Sometimes I ask people if they are comfortable going places by themselves. In the past year I've grown ever more capable of taking myself on solo excursions. I've discovered places that are satisfying little idylls, either for singular or plural outings. Here are some I can vouch for in no particular order.
1. Tommy's Restaurant, 170 N. Hill Avenue, Pasadena. For a meal under $5, I always choose the chili cheese fries and a small drink. People who know me might be shocked at this pursuit because I am not a fast-food fan. However, Tommy's is clean and bright, perfect for spreading out the Pasadena Weekly and eating with decadent gusto.
2. The Huntington Library and Gardens in San Marino. Buy a membership and you can walk the grounds in quiet splendor beginning at 8 a.m. The guards are always affable weather prognosticators. I head to the cactus garden first to admire the crenulated brains and prickly mammaries that stud the landscape. The ducks at the pond have paired off, the camellia forest casts down its showy mantle, the allee to the mausoleum foreshadows more cooling strolls into summer. A visit to the gardens in any circumstance reminds us why we love California. It makes the heart sing its own private aria.
3. Farmers' Market at 3rd and Fairfax. Another venerable destination perfect for a Sunday morning: arrive by 9 a.m. Take your L.A. Times; get your two-hour free parking spot in the lot before all the car sharks start circling the lot. Proceed to the Coffee Corner, buy a cup of joe and have your parking ticket validated NOW. I prefer the communal tables under the heaters, but really any spot is suitable for eavesdropping on screenwriters, families, or wizened regulars. Diners seat themselves with breakfast trays from the surrounding stalls and the place gradually increases its animation. There is still time to wander over to the Grove as shops open at 10 a.m. Although I pooh-pooh the Grove for its artifice compared to my beloved Farmers' Market, I confess to having found some true bargains at the Grove Gap and Anthropologie.
4. The Motion Picture Academy of Arts and Sciences, 8949 Wilshire Boulevard in Beverly Hills. My own personal screen gem! I subscribe to their newsletter (Oscars.org) and there is a steady stream of offerings for even an ordinary movie fan like me. I recommend the free curated exhibits on the fourth floor. I like to arrive at noon on a Sunday when parking is navigable and foot traffic is nil. Go right into the lobby, take out your driver's license, and approach the desk. Hand over the license and ask to see the exhibit on the fourth floor. You'll receive a pass and off you go via the elevator. Now there's a rarefied space guaranteed to please and teach you about cinema. I've seen collections featuring W.C. Fields, Ray Harryhausen, and Noel Coward. It's a splendid uncrowded foray. When you finish and collect your license, be sure to linger in the lobby where there are historic and changing portraits or posters displayed. The restrooms are coolly elegant too.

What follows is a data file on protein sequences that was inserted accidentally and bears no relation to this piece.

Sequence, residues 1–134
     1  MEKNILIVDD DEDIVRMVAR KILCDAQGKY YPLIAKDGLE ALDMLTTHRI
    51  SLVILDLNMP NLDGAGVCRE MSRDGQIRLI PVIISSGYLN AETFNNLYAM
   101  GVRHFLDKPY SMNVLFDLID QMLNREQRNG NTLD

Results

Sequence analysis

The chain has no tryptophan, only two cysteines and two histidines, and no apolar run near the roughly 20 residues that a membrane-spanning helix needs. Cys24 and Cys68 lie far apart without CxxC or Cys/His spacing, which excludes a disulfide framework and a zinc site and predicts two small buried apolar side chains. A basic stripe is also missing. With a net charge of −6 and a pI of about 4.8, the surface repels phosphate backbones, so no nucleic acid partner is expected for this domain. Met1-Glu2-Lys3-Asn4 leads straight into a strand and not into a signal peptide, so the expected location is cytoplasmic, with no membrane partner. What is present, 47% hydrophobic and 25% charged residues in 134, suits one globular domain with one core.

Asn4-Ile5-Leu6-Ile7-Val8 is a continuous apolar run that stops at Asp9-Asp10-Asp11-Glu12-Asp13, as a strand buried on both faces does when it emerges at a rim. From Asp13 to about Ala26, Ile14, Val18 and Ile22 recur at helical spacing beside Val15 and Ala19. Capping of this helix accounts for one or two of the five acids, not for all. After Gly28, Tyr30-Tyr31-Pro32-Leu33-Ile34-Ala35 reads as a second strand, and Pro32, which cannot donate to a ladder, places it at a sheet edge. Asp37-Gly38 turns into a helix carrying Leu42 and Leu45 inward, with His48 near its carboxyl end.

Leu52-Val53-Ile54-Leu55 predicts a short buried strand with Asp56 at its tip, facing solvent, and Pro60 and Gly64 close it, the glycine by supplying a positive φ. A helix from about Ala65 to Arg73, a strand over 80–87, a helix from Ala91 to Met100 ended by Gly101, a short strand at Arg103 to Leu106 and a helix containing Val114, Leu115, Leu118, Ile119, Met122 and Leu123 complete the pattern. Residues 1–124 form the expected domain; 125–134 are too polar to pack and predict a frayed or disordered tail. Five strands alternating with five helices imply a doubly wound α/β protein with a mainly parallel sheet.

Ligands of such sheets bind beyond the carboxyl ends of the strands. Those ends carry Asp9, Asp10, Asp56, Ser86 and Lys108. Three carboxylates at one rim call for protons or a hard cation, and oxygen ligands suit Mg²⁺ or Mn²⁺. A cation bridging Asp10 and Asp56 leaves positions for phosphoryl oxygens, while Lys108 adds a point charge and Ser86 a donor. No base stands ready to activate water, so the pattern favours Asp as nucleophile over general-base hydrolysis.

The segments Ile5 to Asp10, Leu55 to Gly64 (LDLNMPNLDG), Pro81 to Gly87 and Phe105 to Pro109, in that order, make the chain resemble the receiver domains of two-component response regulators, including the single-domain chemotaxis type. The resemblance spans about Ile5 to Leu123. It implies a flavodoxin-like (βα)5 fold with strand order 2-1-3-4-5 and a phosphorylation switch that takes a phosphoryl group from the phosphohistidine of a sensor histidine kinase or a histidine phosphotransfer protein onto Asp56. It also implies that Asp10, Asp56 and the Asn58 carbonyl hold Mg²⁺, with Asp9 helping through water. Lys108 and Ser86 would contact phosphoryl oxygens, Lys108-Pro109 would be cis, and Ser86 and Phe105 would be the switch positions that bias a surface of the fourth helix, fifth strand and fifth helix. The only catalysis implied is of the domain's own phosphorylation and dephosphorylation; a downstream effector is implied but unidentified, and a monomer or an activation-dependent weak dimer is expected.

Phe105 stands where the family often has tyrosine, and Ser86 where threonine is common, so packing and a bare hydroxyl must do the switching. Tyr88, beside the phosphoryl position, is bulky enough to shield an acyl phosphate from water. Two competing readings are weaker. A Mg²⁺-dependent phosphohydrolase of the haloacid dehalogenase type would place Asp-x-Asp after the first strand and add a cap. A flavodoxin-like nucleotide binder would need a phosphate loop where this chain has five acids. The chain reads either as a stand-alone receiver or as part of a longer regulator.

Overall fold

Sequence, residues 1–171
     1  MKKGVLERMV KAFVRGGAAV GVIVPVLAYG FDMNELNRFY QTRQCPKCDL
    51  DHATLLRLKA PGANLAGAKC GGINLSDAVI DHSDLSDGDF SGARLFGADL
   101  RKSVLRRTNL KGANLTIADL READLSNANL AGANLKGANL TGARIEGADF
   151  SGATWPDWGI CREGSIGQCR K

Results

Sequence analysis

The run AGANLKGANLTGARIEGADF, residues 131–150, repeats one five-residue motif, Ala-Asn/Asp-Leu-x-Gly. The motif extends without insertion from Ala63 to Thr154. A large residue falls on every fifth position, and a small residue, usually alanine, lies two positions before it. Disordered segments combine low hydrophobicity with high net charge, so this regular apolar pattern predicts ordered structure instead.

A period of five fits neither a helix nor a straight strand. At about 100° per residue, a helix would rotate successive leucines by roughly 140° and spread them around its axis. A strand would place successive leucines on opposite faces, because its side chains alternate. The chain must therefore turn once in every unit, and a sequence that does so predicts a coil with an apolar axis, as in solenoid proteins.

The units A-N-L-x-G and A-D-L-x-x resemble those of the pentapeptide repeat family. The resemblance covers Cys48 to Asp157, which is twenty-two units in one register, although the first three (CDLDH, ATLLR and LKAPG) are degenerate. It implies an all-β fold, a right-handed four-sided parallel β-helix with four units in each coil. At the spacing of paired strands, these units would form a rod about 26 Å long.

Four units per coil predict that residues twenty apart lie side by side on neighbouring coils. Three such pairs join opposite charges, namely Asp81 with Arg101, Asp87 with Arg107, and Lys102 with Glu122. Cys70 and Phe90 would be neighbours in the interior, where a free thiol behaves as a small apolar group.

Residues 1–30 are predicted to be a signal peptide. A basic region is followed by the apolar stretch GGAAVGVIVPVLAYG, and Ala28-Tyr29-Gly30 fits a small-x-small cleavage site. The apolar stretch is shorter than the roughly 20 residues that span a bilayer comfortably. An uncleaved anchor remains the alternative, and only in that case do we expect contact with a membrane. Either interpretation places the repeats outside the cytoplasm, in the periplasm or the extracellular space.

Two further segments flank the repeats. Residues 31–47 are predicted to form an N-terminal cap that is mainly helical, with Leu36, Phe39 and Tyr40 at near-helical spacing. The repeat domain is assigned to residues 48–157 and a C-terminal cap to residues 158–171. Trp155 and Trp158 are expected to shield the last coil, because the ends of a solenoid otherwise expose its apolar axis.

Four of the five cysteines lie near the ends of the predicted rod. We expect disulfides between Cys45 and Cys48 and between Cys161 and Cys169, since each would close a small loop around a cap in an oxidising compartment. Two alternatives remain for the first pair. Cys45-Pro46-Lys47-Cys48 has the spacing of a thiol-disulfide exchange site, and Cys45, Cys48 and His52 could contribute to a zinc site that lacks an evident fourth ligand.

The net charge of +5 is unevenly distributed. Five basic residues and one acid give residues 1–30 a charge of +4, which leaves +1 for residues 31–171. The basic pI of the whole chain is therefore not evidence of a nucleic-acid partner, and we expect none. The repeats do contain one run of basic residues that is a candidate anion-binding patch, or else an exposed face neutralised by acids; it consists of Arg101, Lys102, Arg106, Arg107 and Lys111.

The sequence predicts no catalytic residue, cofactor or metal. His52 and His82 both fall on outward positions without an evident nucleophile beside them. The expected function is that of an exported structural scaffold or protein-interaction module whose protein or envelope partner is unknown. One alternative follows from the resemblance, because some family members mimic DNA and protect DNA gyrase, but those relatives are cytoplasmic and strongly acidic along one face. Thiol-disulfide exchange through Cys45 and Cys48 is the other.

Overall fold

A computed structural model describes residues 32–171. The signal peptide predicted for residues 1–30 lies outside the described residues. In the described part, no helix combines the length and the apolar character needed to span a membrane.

5. The Cornfields. For this one I ride the Gold Line to Chinatown station. Just before alighting, you will note a 32-acre evolving park. We used to refer to it as The Cornfields, which harks back to a time when kernels germinated there accidentally, but now it is an historic park of El Pueblo de Los Angeles. It may sound funny to take a train in order to take a walk, but I do recommend strolling from station to park and then walking its periphery. What was once a dusty old trainyard is now a farm lab, a grassy oasis, and a wildflower garden. The park is an exemplary L.A. juxtaposition of nearby buildings from our manufacturing past, our progressive train system, and the greening hope of reclamation. Often I feel that by walking a place, I understand it more. That's my sensation when I walk The Cornfields and look up at the big sheltering sky.